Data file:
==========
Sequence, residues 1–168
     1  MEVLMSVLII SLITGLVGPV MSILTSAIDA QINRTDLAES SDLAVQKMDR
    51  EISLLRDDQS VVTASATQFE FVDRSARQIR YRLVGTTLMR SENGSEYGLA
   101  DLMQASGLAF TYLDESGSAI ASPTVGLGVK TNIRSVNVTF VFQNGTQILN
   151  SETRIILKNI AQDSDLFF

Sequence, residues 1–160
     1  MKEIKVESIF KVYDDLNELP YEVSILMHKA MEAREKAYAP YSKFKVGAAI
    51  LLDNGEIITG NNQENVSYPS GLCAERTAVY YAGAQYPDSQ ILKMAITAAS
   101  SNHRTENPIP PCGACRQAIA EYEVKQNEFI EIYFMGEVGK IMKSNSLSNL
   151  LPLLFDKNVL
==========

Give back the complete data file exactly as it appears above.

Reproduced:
Sequence, residues 1–168
     1  MEVLMSVLII SLITGLVGPV MSILTSAIDA QINRTDLAES SDLAVQKMDR
    51  EISLLRDDQS VVTASATQFE FVDRSARQIR YRLVGTTLMR SENGSEYGLA
   101  DLMQASGLAF TYLDESGSAI ASPTVGLGVK TNIRSVNVTF VFQNGTQILN
   151  SETRIILKNI AQDSDLFF

Sequence, residues 1–160
     1  MKEIKVESIF KVYDDLNELP YEVSILMHKA MEAREKAYAP YSKFKVGAAI
    51  LLDNGEIITG NNQENVSYPS GLCAERTAVY YAGAQYPDSQ ILKMAITAAS
   101  SNHRTENPIP PCGACRQAIA EYEVKQNEFI EIYFMGEVGK IMKSNSLSNL
   151  LPLLFDKNVL